State of South Dakota: Gov. Noem wants to 'cut taxes, provide relief'
Jan. 10—PIERRE, S.D. — Gov. Kristi Noem opened the 2023 legislative session with her State of the State address, a 45-minute tour following several of the points laid out in her budget address last month as well as discussing some of her administration's past successes.
Central to the governor's Jan. 10 speech was the health of South Dakota's economy and budget, a vitality that, in Noem's mind, allows the state legislature to responsibly do away with an estimated $102.4 million in revenue next year by permanently cutting the state's 4.5% levy on groceries.
"We continue to have record surpluses," Noem said, pointing to
another $10 million in extra revenue
from December 2022, according to Bureau of Finance and Management data. "What should we do with our surplus? My answer is simple: Cut taxes and provide relief to South Dakotans."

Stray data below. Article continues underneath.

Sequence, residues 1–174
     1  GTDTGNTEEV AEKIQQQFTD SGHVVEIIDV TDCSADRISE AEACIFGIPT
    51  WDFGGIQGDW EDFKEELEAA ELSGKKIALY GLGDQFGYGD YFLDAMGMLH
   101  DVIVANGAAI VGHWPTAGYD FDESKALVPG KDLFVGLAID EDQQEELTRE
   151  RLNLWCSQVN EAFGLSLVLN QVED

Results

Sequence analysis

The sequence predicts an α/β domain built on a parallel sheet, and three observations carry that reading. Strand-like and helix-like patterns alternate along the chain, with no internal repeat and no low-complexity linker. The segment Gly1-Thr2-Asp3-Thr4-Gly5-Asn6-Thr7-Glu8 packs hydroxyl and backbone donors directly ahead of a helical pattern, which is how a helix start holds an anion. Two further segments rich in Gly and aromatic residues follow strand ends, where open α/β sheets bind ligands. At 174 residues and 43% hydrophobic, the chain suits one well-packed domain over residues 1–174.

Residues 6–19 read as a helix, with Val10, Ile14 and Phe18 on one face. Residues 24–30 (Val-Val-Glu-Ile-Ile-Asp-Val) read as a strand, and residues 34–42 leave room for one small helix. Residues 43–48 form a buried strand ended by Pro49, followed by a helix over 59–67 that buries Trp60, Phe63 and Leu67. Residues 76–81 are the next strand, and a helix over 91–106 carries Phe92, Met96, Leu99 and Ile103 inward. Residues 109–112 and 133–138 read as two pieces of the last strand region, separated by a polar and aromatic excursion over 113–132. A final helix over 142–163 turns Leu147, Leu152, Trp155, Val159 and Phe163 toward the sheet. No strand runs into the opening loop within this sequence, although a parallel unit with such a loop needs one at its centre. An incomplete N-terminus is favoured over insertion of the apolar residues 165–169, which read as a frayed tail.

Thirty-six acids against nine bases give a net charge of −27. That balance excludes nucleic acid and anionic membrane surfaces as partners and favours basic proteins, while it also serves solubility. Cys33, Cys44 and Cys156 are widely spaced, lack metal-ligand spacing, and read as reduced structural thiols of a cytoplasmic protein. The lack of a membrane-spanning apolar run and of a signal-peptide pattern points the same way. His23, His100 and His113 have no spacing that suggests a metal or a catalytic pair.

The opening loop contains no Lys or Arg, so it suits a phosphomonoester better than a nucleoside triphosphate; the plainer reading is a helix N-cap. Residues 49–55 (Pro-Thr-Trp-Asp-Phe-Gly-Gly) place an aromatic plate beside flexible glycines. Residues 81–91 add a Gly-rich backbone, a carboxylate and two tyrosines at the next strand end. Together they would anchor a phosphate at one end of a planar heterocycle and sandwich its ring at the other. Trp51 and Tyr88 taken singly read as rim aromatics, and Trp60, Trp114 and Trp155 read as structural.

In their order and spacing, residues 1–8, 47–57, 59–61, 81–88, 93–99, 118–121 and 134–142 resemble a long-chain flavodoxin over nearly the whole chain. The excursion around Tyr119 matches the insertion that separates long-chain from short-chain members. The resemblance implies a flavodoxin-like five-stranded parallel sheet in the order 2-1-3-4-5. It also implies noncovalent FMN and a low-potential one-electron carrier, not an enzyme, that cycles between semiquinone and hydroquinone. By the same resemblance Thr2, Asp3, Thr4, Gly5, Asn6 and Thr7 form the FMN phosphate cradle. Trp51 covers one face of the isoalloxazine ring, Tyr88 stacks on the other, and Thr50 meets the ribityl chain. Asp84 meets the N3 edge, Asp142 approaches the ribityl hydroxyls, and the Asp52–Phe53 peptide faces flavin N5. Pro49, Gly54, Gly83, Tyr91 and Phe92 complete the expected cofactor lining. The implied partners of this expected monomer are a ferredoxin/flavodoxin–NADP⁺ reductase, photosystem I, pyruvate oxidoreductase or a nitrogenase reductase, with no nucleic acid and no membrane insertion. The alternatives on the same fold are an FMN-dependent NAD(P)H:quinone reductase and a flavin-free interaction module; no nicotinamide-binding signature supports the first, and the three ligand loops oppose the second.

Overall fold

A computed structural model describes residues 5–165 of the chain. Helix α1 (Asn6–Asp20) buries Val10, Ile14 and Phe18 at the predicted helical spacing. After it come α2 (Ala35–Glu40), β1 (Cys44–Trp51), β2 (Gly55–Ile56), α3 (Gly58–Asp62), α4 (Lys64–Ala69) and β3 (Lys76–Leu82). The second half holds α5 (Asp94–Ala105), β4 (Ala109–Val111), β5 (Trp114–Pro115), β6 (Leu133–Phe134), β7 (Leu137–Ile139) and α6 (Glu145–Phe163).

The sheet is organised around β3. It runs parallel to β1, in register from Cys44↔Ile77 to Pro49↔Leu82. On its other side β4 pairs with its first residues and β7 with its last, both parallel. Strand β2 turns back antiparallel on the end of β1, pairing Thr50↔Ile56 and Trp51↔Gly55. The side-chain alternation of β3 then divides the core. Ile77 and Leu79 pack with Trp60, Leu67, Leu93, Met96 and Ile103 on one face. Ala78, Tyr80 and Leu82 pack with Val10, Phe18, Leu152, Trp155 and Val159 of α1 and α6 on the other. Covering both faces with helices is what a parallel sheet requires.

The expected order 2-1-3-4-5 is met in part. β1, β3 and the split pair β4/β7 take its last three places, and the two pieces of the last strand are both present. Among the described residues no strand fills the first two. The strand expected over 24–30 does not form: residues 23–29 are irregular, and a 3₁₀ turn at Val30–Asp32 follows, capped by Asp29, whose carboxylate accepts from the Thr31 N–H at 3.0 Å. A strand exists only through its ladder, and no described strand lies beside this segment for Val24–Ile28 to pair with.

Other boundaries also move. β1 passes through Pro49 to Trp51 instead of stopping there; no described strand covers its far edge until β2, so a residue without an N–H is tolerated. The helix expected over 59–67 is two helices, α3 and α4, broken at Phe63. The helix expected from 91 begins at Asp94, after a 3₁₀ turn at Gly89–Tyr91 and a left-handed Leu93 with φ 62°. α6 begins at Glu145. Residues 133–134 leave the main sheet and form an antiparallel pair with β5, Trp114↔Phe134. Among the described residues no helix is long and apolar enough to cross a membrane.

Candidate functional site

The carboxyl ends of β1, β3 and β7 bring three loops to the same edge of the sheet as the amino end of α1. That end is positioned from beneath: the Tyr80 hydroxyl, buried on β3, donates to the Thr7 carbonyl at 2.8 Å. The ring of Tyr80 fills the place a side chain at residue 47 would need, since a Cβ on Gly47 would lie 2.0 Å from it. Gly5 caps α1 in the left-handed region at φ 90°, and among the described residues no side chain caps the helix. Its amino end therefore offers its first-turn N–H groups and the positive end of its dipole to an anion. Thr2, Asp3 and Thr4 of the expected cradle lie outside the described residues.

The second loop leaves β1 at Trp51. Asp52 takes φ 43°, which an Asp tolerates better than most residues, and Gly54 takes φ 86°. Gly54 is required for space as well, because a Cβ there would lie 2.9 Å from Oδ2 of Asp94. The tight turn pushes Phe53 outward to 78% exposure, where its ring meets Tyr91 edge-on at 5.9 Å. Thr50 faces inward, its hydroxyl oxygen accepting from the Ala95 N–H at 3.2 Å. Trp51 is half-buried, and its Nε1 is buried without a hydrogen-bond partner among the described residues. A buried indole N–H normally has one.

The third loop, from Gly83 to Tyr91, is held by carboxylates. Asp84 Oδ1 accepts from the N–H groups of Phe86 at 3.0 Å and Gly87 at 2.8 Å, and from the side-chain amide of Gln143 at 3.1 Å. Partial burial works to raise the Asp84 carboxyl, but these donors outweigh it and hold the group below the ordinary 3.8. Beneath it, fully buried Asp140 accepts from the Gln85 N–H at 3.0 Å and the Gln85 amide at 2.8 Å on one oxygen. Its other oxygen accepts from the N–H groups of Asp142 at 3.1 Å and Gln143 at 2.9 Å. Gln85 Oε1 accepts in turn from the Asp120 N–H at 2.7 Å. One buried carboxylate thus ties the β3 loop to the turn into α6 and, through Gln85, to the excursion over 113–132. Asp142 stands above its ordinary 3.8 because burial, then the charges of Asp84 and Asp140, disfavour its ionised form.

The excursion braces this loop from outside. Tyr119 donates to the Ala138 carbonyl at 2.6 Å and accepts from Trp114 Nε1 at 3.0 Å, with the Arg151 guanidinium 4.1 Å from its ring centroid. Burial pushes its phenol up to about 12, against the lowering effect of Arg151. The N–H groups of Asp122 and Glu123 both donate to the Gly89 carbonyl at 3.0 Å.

Noem also furthered her argument against other tax options potentially favored by some legislators, such as a p
roperty tax reduction
recommended by a summer study this past year., saying the grocery tax would apply to, "every South Dakota family, every person, every small business owner, even every homeowner."
Yet the role of the House and Senate, which combined in a joint session in the House of Representatives to hear out Noem's vision, will be squaring the circle of fiscal projections over the next 10 weeks as they race toward a constitutionally-mandated balanced budget and the more long-term goal of fiscal stability.
Unlike the hundreds of millions in "permanent revenue growth" that Noem says sits in the state coffers waiting to be sent back to the people — an estimate of about $310 million she rolled out in her budget address but mentioned in only a cursory manner in her State of the State address — numbers from the Legislative Research Council paint a
slightly more pessimistic picture of the state's economy.